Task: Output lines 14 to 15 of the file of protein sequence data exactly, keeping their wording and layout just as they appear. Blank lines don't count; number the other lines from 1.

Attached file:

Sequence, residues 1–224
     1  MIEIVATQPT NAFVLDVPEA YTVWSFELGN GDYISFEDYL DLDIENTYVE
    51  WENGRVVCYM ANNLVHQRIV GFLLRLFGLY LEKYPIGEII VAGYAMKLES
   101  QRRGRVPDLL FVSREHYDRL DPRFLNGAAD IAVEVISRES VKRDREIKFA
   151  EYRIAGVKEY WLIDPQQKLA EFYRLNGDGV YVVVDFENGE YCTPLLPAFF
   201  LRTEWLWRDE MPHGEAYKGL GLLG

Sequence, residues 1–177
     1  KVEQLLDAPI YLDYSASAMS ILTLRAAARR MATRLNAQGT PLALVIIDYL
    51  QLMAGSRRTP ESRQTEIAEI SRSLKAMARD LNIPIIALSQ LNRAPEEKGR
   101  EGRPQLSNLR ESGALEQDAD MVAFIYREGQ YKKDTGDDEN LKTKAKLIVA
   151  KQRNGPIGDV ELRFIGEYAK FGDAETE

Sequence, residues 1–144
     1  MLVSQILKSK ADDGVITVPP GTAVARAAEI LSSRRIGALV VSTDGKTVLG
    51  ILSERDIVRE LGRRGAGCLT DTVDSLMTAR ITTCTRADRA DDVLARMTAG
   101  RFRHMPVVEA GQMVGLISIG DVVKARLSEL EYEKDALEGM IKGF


    51  ILSERDIVRE LGRRGAGCLT DTVDSLMTAR ITTCTRADRA DDVLARMTAG
   101  RFRHMPVVEA GQMVGLISIG DVVKARLSEL EYEKDALEGM IKGF